COLUMN: Sandwiched: Return of multi-generational household?
The American family continues to change. This week, we’ve discussed the expanding Sandwich Generation — middle-agers who are caring for their aging parents and their own children. We’ve looked at how care includes emotional support as well as money, the 20th anniversary this week of the Family & Medical Leave Act, and the rising trend of grandparents who are raising their grandchildren.
We close the week by considering another trend: the return of the multi-generational family.
Were you raised in one? Live in one now?
Multi-generational families were the norm in the past, at least in our romantic version of the past. In 1940, one in four American lived in a multi-generational household, defined as two or more adult generations, or a grandparent and another generation, living together under the same roof.
After World War II, the proportion of Americans living in these multi-generational arrangements started to decline. My family wasn’t part of the trend. I grew up with a grandfather who lived with us. But, for most American families, the nuclear family became the norm. By 1980, only 12 percent of Americans lived in a multi-generational family, according to a Pew Center analysis of U.S. Census data.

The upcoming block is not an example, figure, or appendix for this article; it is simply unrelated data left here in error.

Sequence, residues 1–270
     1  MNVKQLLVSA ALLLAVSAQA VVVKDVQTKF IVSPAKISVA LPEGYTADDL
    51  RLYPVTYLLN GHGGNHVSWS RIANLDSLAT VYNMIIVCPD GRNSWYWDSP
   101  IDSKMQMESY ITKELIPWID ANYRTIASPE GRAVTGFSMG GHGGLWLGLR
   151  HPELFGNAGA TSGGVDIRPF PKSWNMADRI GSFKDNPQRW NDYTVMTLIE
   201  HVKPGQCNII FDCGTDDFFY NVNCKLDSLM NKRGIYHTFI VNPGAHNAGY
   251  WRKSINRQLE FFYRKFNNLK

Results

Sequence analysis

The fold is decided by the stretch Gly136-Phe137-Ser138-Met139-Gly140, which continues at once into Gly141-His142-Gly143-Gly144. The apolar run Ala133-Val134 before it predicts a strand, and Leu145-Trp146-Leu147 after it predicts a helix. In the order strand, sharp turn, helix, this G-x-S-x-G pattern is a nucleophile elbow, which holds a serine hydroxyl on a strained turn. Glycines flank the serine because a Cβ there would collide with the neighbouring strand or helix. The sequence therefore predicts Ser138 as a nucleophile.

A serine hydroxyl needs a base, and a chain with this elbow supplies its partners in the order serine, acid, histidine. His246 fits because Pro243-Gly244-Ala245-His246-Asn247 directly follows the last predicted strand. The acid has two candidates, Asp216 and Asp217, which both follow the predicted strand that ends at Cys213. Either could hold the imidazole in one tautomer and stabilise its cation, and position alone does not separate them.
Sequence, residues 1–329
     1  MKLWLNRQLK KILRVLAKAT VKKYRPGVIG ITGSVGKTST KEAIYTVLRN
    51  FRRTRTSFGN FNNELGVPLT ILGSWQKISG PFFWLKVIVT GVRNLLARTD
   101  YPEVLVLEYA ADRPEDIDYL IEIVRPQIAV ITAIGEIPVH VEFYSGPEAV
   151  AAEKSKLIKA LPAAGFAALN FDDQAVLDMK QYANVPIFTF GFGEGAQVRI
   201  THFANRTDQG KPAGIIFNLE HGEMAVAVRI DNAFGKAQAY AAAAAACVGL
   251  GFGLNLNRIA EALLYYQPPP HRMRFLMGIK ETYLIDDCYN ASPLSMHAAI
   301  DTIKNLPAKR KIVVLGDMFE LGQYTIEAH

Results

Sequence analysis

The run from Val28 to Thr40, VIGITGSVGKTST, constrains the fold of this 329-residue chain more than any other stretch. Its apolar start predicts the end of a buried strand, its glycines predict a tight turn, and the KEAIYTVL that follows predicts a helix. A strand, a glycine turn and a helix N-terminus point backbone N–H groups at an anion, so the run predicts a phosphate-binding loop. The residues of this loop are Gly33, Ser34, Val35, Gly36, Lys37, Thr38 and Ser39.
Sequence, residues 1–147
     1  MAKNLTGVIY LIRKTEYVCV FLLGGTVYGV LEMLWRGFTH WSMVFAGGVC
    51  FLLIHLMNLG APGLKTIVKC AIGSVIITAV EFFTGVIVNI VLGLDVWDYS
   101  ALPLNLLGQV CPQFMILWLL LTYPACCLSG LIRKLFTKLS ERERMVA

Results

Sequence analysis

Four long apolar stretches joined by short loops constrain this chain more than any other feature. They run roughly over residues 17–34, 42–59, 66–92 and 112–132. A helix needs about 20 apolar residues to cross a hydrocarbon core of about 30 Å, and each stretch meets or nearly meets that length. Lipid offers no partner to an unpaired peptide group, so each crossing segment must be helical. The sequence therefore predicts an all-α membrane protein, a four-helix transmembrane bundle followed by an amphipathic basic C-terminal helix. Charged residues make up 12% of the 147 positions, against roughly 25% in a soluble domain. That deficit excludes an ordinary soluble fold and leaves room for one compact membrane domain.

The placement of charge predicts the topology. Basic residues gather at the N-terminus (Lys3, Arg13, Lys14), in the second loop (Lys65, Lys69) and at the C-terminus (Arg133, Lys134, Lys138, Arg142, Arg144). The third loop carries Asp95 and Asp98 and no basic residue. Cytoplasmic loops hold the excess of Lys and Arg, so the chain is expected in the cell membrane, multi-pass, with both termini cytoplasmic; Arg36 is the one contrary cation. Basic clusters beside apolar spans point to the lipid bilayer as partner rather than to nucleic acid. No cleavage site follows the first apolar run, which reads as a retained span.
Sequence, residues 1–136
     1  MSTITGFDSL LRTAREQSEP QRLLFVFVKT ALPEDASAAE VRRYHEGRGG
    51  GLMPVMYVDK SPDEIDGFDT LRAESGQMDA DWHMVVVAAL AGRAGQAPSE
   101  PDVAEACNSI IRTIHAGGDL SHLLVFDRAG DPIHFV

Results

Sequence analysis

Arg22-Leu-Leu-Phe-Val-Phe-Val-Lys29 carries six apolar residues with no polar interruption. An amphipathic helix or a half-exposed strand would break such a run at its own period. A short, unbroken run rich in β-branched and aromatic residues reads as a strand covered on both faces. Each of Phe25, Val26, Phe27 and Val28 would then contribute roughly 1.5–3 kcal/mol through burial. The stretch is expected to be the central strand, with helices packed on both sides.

But then the trend reversed. Each year, more and more Americans were living in extended households. Now, 16 percent of Americans live in multi-generational households, a figure we haven’t seen for decades. That’s almost 50 million Americans. The reversal occurs in all major demographic groups, Pew finds.
Why the change?
A recent reason for the reversal is the poor economy. More adult children are returning home (or not leaving home). This is the main reason the Sandwich Generation feels squeezed, as we discussed Monday. But there are other reasons. Asian and Latin American immigration is another factor—these immigrants are likely to live in extended families.
The big generation of Baby Boomers is yet another factor. Simply put, the size of this generation offers more opportunities for their aging parents to live with them. Cuts to Medicare might be another reason, according to Pew analysts. Given the possible cuts to Medicare that a new budget accord might entail, this could become a bigger and bigger factor in the years ahead.
Were you raised in a multi-generational household?
Do you live in one now?